With a GOP-controlled Congress and a gun-friendly president in the White House poised to push national pro-gun legislation, Guns.com took a deep dive into the Federal Bureau of Investigation’s background check system, the country’s mechanism for preventing criminals from directly purchasing guns from firearms retailers. In our snapshot of 2016 — starting at daily totals and moving into year-over-year trends — we pick out some of the social, economic and political events that likely shaped the federal background check system’s big year.
The FBI’s National Instant Criminal Background Check System processed 27.4 million checks in 2016 — the most in the system’s 18-year history.
The checks serve as an industry proxy for gun sales, though analysts caution the number is an imperfect measurement because not every background check results in a gun sold. Sales can be canceled, a single background check can be run for the purchase of multiple guns and concealed carry permit background checks don’t typically indicate a weapon was sold.
Guns.com adjusts for these caveats by removing permit checks from monthly and annual tallies. The adjusted NICS figure, similar to what the National Shooting Sports Foundation releases every month, gives a more accurate estimate of total guns sold.
Federal data detailing total daily background checks reveal a few patterns worth mentioning: background checks peak on Fridays and Saturdays before dipping down to weekly lows on Sundays. Unusual spikes throughout the week cannot be confirmed as the result of any one current event, but some do show correlation to the political climate of the moment.
A month before NICS’s biggest year ever kicked off, the U.S. suffered its deadliest terrorist attack since Sept. 11, 2001, when Syed Rizwan Farook and Tashfeen Malik gunned down 14 people and injured 22 others during a company holiday party at the Inland Regional Center in San Bernardino on Dec. 2, 2015.
The political aftermath saw a boost in then-presidential candidate Donald Trump’s poll numbers and the gun industry’s historically busy holiday season. Daily NICS checks soared over 130,000 in the two weekends following the shooting as congressional lawmakers offered little more than prayers and a renewed push from Democrats to expand background check laws, again.
Four days into the new year, President Barack Obama offered an emotional plea at the White House, begging Congress to act on gun control legislation — striking the same tone his administration adopted in the wake of the Sandy Hook shooting three years earlier.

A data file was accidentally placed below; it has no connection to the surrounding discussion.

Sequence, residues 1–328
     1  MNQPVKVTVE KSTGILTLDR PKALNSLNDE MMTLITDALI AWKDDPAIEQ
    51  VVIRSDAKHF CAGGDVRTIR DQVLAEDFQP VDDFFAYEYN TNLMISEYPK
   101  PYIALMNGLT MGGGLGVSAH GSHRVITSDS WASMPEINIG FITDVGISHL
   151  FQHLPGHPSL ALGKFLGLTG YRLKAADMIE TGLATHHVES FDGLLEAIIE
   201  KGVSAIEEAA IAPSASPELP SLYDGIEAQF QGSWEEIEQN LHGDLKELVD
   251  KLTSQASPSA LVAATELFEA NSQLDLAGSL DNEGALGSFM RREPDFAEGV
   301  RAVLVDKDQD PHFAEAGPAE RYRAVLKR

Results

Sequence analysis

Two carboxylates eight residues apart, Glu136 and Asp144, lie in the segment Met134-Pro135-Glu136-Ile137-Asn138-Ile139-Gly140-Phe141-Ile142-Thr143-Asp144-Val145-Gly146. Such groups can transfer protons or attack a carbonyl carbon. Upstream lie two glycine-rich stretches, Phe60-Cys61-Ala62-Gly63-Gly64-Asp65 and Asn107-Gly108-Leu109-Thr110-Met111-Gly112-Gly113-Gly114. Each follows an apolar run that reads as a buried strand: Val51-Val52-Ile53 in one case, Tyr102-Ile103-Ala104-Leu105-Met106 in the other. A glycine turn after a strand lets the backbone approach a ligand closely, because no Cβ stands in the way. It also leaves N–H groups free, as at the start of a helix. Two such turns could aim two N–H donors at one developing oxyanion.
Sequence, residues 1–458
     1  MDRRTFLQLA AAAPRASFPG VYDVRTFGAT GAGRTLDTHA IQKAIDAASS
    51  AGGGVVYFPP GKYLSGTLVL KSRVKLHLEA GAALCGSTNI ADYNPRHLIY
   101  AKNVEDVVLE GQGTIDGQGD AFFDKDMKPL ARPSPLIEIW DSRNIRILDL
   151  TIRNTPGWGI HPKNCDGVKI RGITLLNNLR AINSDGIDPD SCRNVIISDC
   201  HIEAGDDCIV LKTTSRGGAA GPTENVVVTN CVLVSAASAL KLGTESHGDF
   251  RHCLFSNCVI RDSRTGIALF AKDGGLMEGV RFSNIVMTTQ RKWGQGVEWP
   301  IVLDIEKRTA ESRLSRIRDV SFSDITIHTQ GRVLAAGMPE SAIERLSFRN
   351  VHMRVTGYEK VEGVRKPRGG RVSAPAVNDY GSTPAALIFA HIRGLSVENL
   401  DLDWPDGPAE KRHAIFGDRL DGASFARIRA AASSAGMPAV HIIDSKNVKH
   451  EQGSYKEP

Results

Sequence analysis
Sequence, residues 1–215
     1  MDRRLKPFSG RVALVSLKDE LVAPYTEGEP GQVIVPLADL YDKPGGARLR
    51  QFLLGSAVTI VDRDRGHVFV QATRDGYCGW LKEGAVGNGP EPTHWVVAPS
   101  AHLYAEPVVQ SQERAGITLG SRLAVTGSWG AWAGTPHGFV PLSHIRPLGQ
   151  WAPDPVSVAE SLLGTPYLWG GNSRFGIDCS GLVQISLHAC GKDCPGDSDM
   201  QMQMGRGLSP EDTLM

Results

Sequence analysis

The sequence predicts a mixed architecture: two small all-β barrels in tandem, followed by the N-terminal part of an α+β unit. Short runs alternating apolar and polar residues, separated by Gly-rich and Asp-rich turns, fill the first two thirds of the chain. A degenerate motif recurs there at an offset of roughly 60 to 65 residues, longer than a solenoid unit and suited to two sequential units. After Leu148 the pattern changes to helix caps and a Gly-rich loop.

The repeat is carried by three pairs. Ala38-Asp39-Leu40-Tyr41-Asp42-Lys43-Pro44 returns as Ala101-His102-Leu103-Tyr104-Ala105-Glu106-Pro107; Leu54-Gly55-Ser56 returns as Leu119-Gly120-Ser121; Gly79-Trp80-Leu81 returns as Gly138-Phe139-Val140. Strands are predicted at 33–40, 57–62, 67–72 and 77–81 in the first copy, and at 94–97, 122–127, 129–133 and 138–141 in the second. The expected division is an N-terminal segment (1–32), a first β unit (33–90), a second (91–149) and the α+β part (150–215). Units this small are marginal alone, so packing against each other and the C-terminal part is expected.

“Each time this comes up, we are fed the excuse that common-sense reforms like background checks might not have stopped the last massacre, or the one before that, or the one before that, so why bother trying?” Obama said. “I reject that thinking.”
“We know we can’t stop every act of violence, every act of evil in the world. But maybe we could try to stop one act of evil, one act of violence,” he added.
In what he called an attempt to curb gun violence, Obama issued executive actions strengthening penalties against firearms dealers — big and small — for forgoing federal background checks during transactions. He also pledged funding for an additional 200 ATF agents and investigators to increase enforcement of existing gun laws.
It’s from these orders the Social Security Administration began reporting to NICS recipients with mental health issues impacting their ability to manage their own benefits. The president urged states to bolster record reporting to NICS for those adjudicated mentally ill, convicted of a felony, or otherwise prohibited from owning a gun.
“I mean, think about it. We all believe in the First Amendment, the guarantee of free speech, but we accept that you can’t yell ‘fire’ in a theater,” Obama said as he explained his support for background checks and other gun control measures.
“We understand there are some constraints on our freedom in order to protect innocent people,” he continued. “We cherish our right to privacy, but we accept that you have to go through metal detectors before being allowed to board a plane. It’s not because people like doing that, but we understand that that’s part of the price of living in a civilized society.”